The ECJ has today held that shops and pubs which allow patrons free access to their WiFi networks shouldn’t be liable for their copyright infringements. In this case a patron of the shop made available an illegal copy of a song owned by Sony Music.

However, contrary to the advice given to the court by the Attorney General, the European court held that the copyright owners were not precluded from seeking an order in the  national courts requiring the shop to take practical steps to prevent or end the ability of customers to access such content.

The example given by the court was to require the customer to sign in and reveal their identity (so as to remove the cloak of anonymity from the infringer). It rejected orders requiring the premises to take active steps to monitor what is being done on their network or to terminate the connection where relevant.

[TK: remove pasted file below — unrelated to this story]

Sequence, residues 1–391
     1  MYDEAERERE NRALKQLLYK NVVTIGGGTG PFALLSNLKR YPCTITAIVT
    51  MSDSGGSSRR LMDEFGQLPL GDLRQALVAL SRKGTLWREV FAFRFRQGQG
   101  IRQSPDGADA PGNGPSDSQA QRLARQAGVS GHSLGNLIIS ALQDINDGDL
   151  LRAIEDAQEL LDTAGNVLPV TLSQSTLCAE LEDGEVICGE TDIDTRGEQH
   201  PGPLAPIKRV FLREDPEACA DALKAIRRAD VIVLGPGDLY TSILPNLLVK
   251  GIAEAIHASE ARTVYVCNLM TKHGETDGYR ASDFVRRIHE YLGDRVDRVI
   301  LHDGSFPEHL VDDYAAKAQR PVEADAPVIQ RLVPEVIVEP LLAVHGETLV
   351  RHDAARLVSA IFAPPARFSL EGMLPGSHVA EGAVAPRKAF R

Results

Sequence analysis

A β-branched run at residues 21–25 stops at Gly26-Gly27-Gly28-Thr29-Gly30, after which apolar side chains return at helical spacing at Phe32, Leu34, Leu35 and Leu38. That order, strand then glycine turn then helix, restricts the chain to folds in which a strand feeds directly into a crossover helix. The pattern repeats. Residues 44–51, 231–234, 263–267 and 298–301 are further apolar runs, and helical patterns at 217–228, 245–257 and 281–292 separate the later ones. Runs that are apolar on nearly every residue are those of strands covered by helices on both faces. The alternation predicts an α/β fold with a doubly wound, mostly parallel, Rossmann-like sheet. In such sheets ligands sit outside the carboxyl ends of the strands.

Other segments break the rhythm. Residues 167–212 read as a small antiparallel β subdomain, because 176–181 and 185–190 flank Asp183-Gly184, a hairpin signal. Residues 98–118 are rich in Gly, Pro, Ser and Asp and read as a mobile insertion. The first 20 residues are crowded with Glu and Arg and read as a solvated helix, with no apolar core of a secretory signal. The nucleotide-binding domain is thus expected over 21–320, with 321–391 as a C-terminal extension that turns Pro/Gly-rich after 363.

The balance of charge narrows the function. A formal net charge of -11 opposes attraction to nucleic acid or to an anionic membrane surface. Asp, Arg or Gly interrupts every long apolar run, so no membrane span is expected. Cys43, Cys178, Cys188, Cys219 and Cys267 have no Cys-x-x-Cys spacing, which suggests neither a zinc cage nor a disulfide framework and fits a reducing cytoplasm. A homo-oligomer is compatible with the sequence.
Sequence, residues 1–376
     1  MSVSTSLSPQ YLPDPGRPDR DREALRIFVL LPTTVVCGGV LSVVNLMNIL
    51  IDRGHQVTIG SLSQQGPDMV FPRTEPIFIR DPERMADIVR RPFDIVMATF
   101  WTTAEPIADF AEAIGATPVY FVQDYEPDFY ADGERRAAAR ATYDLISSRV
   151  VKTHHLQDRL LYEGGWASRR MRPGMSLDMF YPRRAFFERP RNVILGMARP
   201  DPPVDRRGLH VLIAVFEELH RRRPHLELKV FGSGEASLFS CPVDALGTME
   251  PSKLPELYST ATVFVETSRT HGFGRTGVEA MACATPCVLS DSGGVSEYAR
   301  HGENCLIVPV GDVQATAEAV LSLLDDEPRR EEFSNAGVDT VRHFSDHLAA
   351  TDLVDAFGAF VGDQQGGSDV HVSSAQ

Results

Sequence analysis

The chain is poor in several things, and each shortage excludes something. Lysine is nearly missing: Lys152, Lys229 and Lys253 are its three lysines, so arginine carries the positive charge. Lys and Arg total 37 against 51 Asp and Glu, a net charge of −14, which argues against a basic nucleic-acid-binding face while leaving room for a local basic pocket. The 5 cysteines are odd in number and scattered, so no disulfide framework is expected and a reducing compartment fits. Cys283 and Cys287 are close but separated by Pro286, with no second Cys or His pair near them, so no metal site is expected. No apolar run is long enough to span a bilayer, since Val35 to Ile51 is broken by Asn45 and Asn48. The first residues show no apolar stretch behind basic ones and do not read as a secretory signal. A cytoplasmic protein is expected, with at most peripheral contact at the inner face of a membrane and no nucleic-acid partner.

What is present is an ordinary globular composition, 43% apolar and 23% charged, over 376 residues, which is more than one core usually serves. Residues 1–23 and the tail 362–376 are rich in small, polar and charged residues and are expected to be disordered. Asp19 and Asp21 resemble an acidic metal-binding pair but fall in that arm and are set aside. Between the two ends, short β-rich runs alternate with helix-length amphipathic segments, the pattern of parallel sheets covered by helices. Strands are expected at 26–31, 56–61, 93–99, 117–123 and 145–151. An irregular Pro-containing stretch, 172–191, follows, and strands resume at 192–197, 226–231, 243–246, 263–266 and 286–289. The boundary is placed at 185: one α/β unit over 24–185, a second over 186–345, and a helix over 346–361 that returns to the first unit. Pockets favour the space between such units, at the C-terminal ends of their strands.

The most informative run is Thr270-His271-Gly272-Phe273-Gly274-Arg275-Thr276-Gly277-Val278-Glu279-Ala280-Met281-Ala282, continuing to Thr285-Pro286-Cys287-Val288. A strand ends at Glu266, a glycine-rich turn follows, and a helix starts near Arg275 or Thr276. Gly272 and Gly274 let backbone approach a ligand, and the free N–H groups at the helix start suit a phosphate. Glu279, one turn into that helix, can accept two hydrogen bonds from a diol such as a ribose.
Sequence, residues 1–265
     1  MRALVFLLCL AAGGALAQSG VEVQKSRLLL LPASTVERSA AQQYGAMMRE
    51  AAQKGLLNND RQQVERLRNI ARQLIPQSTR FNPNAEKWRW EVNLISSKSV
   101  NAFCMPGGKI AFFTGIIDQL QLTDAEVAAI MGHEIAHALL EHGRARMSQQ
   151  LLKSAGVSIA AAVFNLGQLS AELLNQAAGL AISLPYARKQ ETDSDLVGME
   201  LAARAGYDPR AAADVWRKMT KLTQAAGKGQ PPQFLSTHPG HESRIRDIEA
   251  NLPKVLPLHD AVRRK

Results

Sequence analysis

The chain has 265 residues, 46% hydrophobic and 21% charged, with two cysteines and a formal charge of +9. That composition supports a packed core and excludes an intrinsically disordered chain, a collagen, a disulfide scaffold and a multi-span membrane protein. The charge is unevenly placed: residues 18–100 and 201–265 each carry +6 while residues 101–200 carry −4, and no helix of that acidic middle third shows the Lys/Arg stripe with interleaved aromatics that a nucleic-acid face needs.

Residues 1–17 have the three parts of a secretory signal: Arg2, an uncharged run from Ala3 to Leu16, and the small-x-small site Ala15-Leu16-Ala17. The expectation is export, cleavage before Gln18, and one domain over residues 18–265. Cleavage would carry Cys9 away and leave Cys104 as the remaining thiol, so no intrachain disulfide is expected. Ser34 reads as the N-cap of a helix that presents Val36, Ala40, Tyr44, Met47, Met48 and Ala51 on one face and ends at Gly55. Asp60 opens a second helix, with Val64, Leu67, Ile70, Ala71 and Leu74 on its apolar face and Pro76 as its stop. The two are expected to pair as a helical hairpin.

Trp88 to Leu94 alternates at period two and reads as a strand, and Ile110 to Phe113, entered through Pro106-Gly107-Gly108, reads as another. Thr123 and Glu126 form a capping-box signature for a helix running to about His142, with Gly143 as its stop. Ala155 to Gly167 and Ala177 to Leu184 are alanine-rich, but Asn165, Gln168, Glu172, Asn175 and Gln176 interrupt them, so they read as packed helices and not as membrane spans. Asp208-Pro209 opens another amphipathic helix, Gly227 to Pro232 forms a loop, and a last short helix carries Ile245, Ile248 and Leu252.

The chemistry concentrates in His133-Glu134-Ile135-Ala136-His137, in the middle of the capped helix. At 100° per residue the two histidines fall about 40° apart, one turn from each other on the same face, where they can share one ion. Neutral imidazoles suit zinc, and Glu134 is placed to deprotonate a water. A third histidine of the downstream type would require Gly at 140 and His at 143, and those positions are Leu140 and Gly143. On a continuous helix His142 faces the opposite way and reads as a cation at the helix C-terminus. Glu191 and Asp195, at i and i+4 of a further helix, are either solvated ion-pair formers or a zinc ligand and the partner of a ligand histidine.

The court was only given certain types of order to consider and so, for example, did not assess whether an alternative approach would be to restrict access to certain types of sites through the internet akin to that employed by employers and other public Wifi providers.

The European Court of Justice today ruled that a shop offering WiFi is not liable for copyright infringements on its network but may be forced by rightsholders to require passwords to use the network.

http://www.ip-watch.org/2016/09/15/wifi-providers-can-be-forced-to-require-passwords-on-rightsholder-request-ecj-rules/